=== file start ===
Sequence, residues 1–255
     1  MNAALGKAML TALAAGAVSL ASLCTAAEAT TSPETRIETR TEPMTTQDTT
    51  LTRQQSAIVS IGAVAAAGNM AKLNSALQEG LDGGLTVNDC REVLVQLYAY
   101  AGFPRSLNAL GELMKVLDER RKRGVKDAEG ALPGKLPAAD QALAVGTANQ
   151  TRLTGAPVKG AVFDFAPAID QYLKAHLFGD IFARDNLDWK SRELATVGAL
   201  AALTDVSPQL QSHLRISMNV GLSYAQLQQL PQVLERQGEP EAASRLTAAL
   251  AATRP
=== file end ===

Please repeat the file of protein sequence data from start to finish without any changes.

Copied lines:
Sequence, residues 1–255
     1  MNAALGKAML TALAAGAVSL ASLCTAAEAT TSPETRIETR TEPMTTQDTT
    51  LTRQQSAIVS IGAVAAAGNM AKLNSALQEG LDGGLTVNDC REVLVQLYAY
   101  AGFPRSLNAL GELMKVLDER RKRGVKDAEG ALPGKLPAAD QALAVGTANQ
   151  TRLTGAPVKG AVFDFAPAID QYLKAHLFGD IFARDNLDWK SRELATVGAL
   201  AALTDVSPQL QSHLRISMNV GLSYAQLQQL PQVLERQGEP EAASRLTAAL
   251  AATRP